(4) an introduced parasite Philornis downsi (discovered in finch nests in 1997) is causing 27%–98% annual nestling mortality on Floreana Island in all three species; 
(5) parasite intensity varies with finch body size, with larger-bodied finches having higher P. downsi intensity. 

Aims
(1) To characterize patterns of hybridization in years that differ markedly in parasite intensity and rainfall; 
(2) To test predictions about the mechanism and function of hybridization; 
(3) To determine whether the large tree finch has become extinct on Floreana Island through a process of reverse evolution. 

Morphology Data
Statistical analysis of body and beak size indicated the existence of 3 groups of finches moving to just 2 over the 100 year time frame as shown in Figure 2 below.

Figure 2.  Morphological clusters identified by MCLUST. Shown are morphological data (males only) analyzed by D. Lack (N = 171, 1888–1906; A), Kleindorfer and O’Connor (N = 76, 2005; B), and Kleindorfer and O’Connor (N = 83, 2010; C). The small-bodied finches are represented by filled circles, intermediate-sized finches by crosses, and large-bodied finches by filled triangles. Component means are marked by an asterisk at the center of each ellipse, and ellipses with axes indicate covariances. Wing length (mm) and principal components scores for derived beak size were used as input variables for A. Principal components scores for derived beak size and body size were entered as input variable in B, C. This method identified three morphological clusters in historical data (A) and either two or three clusters in contemporary data, depending on the year sampled (B, C).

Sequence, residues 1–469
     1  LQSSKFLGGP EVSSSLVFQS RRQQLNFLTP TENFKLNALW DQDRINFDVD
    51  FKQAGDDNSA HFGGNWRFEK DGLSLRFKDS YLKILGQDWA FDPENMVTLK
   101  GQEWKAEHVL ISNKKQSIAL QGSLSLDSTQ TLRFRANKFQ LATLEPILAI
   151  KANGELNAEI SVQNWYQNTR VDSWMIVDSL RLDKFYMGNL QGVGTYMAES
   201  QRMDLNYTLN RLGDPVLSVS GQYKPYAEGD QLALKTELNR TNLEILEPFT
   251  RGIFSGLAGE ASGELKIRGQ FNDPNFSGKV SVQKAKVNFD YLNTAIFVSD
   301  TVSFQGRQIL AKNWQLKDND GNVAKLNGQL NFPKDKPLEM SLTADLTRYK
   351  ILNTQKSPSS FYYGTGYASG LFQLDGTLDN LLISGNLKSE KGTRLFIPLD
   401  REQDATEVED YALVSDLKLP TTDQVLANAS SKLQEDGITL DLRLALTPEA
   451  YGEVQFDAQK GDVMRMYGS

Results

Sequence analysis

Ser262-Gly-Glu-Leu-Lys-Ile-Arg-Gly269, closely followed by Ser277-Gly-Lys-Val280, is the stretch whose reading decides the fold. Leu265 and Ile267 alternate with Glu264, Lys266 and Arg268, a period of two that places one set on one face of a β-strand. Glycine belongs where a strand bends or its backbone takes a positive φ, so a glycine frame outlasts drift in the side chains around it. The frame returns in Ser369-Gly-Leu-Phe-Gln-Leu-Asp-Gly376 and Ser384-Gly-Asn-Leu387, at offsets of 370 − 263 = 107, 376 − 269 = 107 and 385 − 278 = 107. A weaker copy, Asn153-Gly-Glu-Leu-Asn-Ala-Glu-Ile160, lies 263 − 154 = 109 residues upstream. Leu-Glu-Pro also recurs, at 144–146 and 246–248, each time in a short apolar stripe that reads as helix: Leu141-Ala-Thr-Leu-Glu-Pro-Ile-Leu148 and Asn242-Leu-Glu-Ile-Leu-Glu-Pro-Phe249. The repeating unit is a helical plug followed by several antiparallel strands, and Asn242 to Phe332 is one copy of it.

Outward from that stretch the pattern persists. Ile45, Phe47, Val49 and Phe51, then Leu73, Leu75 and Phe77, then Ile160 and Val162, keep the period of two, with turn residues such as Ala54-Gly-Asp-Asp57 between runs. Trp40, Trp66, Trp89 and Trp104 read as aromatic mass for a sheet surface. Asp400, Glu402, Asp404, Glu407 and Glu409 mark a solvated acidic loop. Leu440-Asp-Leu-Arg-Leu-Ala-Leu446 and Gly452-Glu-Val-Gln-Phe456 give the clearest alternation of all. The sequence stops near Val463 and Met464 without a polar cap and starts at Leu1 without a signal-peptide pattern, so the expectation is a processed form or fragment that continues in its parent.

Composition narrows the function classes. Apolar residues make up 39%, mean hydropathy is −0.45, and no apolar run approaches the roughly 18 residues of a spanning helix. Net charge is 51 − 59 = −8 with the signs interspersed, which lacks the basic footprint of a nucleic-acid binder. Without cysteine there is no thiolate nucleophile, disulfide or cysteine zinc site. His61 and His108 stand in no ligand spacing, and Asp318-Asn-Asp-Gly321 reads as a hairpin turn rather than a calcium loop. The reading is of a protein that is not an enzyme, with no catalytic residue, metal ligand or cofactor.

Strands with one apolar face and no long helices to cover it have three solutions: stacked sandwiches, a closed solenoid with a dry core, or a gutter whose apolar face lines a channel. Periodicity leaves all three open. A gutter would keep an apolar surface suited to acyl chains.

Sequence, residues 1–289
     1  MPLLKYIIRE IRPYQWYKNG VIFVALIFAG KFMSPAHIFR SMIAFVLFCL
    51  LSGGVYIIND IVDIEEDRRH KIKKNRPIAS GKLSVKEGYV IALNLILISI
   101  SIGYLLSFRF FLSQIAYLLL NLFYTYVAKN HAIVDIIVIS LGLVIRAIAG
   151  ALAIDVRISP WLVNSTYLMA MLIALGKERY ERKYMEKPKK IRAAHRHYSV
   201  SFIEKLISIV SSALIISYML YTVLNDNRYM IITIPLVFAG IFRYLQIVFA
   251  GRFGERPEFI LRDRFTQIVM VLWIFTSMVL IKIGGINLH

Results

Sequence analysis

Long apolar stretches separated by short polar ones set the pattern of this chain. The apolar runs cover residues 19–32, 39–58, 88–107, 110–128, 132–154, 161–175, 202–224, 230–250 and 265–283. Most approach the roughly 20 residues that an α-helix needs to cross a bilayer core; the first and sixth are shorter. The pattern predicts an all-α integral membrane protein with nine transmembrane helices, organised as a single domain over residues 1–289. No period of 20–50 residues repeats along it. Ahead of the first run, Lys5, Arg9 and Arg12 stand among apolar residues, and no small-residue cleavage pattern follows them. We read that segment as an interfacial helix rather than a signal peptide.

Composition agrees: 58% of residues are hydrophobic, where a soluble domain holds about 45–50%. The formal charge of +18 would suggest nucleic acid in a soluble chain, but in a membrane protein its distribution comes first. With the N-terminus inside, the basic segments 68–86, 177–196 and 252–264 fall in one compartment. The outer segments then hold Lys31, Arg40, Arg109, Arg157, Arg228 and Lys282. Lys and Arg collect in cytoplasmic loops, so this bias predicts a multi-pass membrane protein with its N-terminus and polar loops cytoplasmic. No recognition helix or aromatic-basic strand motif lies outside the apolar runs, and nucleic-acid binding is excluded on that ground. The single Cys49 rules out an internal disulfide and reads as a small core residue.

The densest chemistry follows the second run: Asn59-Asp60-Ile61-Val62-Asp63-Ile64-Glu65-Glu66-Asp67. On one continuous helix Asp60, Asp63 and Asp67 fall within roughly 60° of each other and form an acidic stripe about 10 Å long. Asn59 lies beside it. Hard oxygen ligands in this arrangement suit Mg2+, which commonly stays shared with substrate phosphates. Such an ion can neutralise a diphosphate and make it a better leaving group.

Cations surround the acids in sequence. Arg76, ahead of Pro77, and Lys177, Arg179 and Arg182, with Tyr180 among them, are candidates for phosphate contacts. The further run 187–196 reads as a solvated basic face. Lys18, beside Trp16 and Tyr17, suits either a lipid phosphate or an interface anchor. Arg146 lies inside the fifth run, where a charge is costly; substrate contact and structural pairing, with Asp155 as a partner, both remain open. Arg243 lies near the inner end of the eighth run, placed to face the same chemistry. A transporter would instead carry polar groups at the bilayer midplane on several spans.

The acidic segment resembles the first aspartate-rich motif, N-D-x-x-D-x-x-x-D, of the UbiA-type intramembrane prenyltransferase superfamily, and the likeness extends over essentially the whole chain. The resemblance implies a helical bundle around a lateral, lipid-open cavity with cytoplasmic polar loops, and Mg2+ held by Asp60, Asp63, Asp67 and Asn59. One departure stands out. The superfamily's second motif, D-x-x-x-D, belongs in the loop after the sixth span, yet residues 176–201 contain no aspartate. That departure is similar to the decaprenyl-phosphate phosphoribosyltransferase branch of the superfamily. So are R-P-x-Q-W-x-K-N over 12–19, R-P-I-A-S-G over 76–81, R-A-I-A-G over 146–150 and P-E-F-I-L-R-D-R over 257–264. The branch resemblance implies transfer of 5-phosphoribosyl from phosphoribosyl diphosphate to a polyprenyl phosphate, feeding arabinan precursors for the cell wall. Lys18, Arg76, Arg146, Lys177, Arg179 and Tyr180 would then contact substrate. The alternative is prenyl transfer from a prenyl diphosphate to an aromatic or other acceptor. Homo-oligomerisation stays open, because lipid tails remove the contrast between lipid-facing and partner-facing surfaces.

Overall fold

Genetic Data

Following micro-satellite analysis the putative population clusters were; 'genetic population 1': containing the majority of individuals from putative small tree finch (Camarhynchus parvulus) from 2005 and 2010; and 'genetic population 2': containing the majority of individuals from putative medium tree finch (Camarhynchus pauper) from 2005 and putative large tree finch (Camarhynchus psittacula) from 2005 and 2010, while the majority of individuals from putative Camarhynchus pauper from 2010 showed intermediate membership.



Figure 3.  The relationship between body size (principal components factor scores) and beak size (principal components factor scores) for individual tree finches on Floreana Island shown in relation to genetic population for (A) 2005 (low-rainfall year; N = 76 males) and (B) 2010 (high-rainfall year; N = 83 males).




Parasite Intensity
Measurements of parasite load in the different genetic populations showed further evidence for the current two distinct populations of finches.


Figure 6.  Mean parasite intensity (mean ± SE) from Philornis downsi larvae per Darwin’s tree finch nest on Floreana Island. The data are shown for nests that have been assigned to a genetic population. On average, genetic population 1 (N = 18) corresponds to small-bodied tree finches, hybrid cluster (N = 17) to intermediate size, and genetic population 2 (N = 8) to larger-bodied tree finches. For this analysis, data were analyzed for 2005 (low-rainfall year), and 2010 and 2012 (high-rainfall years).



Conclusions
The authors present evidence that three sympatric species of Darwin’s tree finches in the 1900s have collapsed, under conditions of hybridization, into two species by the 2000s, and for the suspected extinction of the large tree finch (C. psittacula) on Floreana Island.